We enjoyed the food too. Everyone else had pizza but the special of the day caught my attention and I had to try it. A pasta, both black and normal, with shrimp and an arugula pesto. At first it tasted a bit bitter but as I ate, and drank their house wine that was very good, I began to enjoy it all the more. 



(For some reason the picture with Ken and his pizza won’t upload properly!)
Ken and I enjoyed a tiramisu together before we went out to do the reverse trip home. In the dark it was an adventure as well. We had anticipated at least That we would be returning in the dark as nothing opens for dinner until about 7:30pm, so we had a flash light, and two iPhones that have a flashlight built in. Most stairs had a railing to hold onto (though it seemed I was the only one to avail themselves of it). 
After all that adventure it was time for bed….no cards tonight. 



Recovery day.

As we had not bought groceries yet, there was nothing for breakfast. We walked up the road to a little hotel called the “open Gate” and ate in their restaurant that sat along the road and had lovely views of the water. 
Breakfast consisted of all sorts of things. Meat and cheese and eggs and pastries. Yogurt and fruit, coffee and juice. Since we were paying a goodly amount for it we thought we would do it justice and then not need anything until dinner. (€15ea! Eek!) 
Ken decided, since we did not need his chauffeuring expertise, that he would stay back and read while we took the free store ‘taxi, service up (up!) the hill for groceries. 
The young fellow was a relative of the store owner and said they take turns helping out. He stopped on a high point overlooking the whole area and let us get out to take pictures while he also told us the history of the area. His English was good as he had lived in the U.S. For a few years so we were able to ask questions and understand the answers 😊.

The little store, “Tutti a Tutti” has a little of everything as the name suggests. Originally a house I think, we walked from one area, or room, to another for different things. We found a room on the side at the back with cereal and eggs etc. a deli at the back was well stocked and we bought green olives and cotto ham and a fresh crusty loaf. Pasta ‘fresco’ and some local bottled sauce and we had lots for breakfasts and a dinner or two. A few snacks and some liquid refreshment and we were done.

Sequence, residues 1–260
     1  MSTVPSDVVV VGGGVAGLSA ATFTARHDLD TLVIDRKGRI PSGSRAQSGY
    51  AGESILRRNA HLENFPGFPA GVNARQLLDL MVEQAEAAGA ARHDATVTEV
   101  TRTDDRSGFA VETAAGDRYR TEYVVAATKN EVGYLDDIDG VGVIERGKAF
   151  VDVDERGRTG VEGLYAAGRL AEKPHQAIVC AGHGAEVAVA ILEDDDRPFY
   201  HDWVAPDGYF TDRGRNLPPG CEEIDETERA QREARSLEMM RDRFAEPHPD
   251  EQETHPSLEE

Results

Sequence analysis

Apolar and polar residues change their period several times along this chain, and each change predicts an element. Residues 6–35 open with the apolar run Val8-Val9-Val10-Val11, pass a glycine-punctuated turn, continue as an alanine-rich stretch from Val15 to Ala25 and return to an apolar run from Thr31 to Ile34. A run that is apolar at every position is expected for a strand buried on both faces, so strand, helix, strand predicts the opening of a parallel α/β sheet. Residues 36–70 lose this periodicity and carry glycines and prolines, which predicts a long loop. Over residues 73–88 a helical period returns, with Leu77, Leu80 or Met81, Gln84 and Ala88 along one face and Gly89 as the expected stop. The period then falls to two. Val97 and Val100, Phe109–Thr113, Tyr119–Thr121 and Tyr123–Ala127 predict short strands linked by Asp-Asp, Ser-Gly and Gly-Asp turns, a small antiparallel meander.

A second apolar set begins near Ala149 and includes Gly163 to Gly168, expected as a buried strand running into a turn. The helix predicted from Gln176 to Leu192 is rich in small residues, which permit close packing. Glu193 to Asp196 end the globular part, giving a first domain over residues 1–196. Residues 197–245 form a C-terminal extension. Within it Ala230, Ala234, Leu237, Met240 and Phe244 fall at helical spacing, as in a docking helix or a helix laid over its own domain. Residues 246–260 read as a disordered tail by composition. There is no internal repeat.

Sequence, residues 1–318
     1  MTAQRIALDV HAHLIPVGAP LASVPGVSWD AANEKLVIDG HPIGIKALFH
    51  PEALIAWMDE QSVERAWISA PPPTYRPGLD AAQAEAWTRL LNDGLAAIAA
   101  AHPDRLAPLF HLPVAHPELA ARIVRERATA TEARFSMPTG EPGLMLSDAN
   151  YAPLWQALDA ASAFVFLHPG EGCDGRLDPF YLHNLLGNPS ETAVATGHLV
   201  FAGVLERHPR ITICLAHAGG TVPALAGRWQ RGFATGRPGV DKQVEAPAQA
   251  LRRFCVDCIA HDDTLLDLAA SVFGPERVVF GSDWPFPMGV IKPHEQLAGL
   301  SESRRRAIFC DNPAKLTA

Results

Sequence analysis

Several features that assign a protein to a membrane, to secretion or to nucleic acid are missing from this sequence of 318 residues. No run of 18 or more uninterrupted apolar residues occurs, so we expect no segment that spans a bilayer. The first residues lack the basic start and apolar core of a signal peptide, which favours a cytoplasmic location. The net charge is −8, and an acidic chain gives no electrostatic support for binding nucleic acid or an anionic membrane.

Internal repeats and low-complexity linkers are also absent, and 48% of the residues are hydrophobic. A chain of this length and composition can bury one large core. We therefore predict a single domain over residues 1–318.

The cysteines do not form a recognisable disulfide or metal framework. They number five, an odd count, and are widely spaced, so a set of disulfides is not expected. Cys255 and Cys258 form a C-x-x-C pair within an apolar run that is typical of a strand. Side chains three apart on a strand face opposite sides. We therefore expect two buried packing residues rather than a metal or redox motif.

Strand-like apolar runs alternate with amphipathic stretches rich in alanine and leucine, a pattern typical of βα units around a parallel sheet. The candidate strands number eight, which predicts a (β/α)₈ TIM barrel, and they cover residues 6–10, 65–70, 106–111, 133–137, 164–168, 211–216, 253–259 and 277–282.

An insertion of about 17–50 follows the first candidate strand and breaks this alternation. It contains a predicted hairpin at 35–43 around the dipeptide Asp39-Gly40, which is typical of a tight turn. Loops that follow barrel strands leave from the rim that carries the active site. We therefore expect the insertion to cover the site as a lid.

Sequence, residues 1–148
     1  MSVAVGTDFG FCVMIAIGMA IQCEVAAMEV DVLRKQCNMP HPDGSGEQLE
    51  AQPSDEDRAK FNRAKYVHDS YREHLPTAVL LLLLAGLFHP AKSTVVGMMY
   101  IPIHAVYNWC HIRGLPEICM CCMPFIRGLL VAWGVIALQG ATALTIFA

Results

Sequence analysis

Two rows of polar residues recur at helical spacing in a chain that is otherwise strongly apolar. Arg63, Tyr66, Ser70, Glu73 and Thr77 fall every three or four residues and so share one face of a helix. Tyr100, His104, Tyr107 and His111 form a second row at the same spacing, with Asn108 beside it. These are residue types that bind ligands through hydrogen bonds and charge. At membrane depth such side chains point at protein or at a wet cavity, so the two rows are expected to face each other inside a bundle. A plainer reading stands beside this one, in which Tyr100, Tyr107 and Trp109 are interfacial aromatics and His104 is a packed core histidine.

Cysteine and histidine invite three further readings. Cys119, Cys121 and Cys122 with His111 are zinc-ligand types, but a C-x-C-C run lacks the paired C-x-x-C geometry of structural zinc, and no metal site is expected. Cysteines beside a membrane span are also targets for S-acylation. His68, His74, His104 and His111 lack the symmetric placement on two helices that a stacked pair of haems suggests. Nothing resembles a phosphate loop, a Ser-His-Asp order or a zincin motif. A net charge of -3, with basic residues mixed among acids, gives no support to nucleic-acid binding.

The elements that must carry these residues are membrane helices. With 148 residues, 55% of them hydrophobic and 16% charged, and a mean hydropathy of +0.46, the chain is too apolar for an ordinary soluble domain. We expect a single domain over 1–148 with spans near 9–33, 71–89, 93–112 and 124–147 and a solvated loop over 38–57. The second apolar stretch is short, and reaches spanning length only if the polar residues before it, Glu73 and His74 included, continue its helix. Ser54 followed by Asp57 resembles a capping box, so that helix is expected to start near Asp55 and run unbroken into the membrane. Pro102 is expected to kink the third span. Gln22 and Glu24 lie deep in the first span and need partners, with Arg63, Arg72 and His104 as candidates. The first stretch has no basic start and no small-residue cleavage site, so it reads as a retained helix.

An older gentleman took us back to our ‘home’ Residence il Gardino die Lemoni. 

Our first comfy bed…. With comfy pillows….  Soooo happy! 


The upper deck we can use…
Since this was a rest day….lots of resting was involved. Since there was no English congregation in the area to join we studied our own WT…. Then ….guess…. Really? You had to even guess? Euchre! Of course. 
For dinner we had some of our wonderful fresh pasta, sauce and bread and one of the wines we bought in Tavernelle di Pesa. They sure know how to make a wine to go with their food. 
Buon appetito e Buona notte


We left just a little after the time we hoped and made our way south. 
There was one more hill town we wanted to see before leaving Tuscany and that was Montepulciano. It is a wonderful little place. All uphill….(not quite both ways, but close!,) 
We arrived before most of the tours. One was just entering as we were, however we had decided to go up first and slowly come down, looking In shops as they opened. This put us ahead of the group and onto a quiet ascent devoid also of the hordes that hinder good photos.
One our way in we saw two of our sisters with a cart. Hardly any English but we enjoyed a few words, a hug and kiss before we went off to explore.

 Alleys and arch covered staircases abound on each side. On the left the alleys end with sights of the valley below. Vineyards can be seen all over. This is Barolo and D’Abruzzo country.